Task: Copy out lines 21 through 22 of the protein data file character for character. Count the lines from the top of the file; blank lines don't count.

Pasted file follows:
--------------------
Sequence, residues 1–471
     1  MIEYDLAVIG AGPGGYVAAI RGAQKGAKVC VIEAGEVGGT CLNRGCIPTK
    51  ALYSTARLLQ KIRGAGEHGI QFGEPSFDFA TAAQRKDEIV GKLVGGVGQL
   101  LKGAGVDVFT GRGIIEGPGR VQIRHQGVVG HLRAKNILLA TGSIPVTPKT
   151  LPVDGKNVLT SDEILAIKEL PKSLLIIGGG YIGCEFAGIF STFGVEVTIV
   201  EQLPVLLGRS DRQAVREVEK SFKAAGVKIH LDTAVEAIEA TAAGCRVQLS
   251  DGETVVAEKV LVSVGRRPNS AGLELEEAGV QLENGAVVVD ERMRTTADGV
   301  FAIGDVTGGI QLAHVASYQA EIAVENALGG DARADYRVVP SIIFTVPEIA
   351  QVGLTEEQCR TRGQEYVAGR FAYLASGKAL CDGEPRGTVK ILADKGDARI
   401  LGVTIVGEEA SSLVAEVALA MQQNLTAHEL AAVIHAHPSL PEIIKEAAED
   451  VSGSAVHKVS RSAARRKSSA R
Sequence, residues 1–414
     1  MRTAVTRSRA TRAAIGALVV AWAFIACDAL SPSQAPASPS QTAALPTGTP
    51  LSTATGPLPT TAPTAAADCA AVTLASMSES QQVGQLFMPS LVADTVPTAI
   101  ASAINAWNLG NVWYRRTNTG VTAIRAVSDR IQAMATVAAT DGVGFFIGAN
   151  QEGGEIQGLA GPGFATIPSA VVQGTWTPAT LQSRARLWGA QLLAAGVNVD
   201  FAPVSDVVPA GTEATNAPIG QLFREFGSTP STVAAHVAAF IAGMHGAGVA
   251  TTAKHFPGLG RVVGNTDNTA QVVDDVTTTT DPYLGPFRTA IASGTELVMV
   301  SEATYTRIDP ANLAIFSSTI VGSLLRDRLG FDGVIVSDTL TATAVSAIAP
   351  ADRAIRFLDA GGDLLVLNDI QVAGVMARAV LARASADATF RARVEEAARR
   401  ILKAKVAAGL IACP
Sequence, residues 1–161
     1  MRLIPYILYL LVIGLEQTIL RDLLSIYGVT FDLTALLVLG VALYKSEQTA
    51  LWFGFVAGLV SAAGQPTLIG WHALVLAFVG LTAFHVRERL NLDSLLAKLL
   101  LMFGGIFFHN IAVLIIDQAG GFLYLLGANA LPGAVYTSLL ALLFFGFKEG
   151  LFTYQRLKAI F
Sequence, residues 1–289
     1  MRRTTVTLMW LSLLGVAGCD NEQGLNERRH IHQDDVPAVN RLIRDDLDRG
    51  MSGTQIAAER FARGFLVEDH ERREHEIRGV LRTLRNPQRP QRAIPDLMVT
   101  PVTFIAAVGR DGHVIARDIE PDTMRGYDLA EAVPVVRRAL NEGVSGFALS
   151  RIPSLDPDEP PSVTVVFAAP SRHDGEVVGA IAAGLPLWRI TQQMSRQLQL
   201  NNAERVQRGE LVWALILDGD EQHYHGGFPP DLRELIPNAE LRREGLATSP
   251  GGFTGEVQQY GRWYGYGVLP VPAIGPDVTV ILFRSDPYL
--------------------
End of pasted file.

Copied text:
   401  ILKAKVAAGL IACP
Sequence, residues 1–161